He is proof of the old adage that tells us if you want something to get done, you should ask a busy person to do it.
When asked why he had accepted the task of leading the CBH board, Mr Stead said he was committed to ensuring the organisation continued to serve growers in the best way possible.
“I recognise the importance of CBH to growers. I also think it is best for farmers that it remains in their control as a co-operative,” he said.
“I think that the best way to protect CBH, as a co-operative, is to make sure that it performs.”
Mr Stead said he had been on the CBH board for five years, including a year as deputy chair, and succession plans for the chair position had been discussed for 18 months.
He said he was not daunted by the task ahead and was “ready for the challenge”.
He said he aimed to be a consultative leader — one who managed meetings effectively and efficiently while allowing for all voices to be heard and all input to be considered.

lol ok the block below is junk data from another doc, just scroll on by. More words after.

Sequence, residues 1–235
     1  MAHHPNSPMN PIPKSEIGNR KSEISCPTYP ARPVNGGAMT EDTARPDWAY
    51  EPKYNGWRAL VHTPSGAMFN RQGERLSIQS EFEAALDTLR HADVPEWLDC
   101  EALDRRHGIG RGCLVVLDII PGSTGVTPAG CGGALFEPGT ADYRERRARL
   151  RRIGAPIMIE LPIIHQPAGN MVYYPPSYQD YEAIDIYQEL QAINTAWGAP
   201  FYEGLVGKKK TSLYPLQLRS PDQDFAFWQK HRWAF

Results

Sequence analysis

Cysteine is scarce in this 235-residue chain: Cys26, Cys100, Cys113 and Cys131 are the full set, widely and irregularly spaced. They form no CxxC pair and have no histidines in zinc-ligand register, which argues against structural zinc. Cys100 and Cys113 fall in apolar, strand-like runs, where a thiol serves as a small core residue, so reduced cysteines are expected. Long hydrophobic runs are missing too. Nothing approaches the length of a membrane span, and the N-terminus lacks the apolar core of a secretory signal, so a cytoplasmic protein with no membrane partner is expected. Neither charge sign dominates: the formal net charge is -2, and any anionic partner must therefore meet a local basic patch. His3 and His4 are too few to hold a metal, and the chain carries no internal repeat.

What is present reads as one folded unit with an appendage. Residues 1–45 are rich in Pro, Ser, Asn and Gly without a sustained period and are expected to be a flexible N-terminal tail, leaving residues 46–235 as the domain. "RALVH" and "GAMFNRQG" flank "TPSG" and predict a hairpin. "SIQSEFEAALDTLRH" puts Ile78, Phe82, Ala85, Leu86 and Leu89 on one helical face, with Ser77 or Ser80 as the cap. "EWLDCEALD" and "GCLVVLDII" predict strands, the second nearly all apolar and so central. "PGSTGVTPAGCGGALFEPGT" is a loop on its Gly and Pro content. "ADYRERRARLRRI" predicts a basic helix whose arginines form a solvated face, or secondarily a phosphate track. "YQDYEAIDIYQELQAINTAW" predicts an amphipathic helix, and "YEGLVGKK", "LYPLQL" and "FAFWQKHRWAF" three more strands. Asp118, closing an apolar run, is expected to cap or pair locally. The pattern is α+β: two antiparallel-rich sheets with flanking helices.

So how will Mr Stead cope with the pressure already on him as a farmer with dry dams, a family in self-isolation and a new role in a crucial industry?
“Most people in the community realise we are all in the same predicament, we all feel pretty lucky to be involved in agriculture, and it’s all about doing what you love,” Mr Stead said.
“From a CBH perspective, the long hours of reading continue, with travel swapped for Skype for the foreseeable future.”
And as for keeping sane and well during a busy period married with isolation?
“Farmers are generally quite accustomed to isolation; however, I do have concerns for the mental health of everyone as many of the outlets for connecting with people and disconnecting from work are shut down,” Mr Stead said.
“Outside of all things work, I usually live sport vicariously through our children.”
But that is one of the many things not happening now.
“We need to understand we face the current crisis together,” he said.
“It will require patience and tolerance for the foreseeable future and perhaps a greater appreciation of how lucky we are to live and farm in Australia.”
Mr Stead is not the first grain grower from the Esperance Port Zone to take on the duty of CBH chair, with Neil Wandel having chaired the board for five years before retiring from the position in 2014.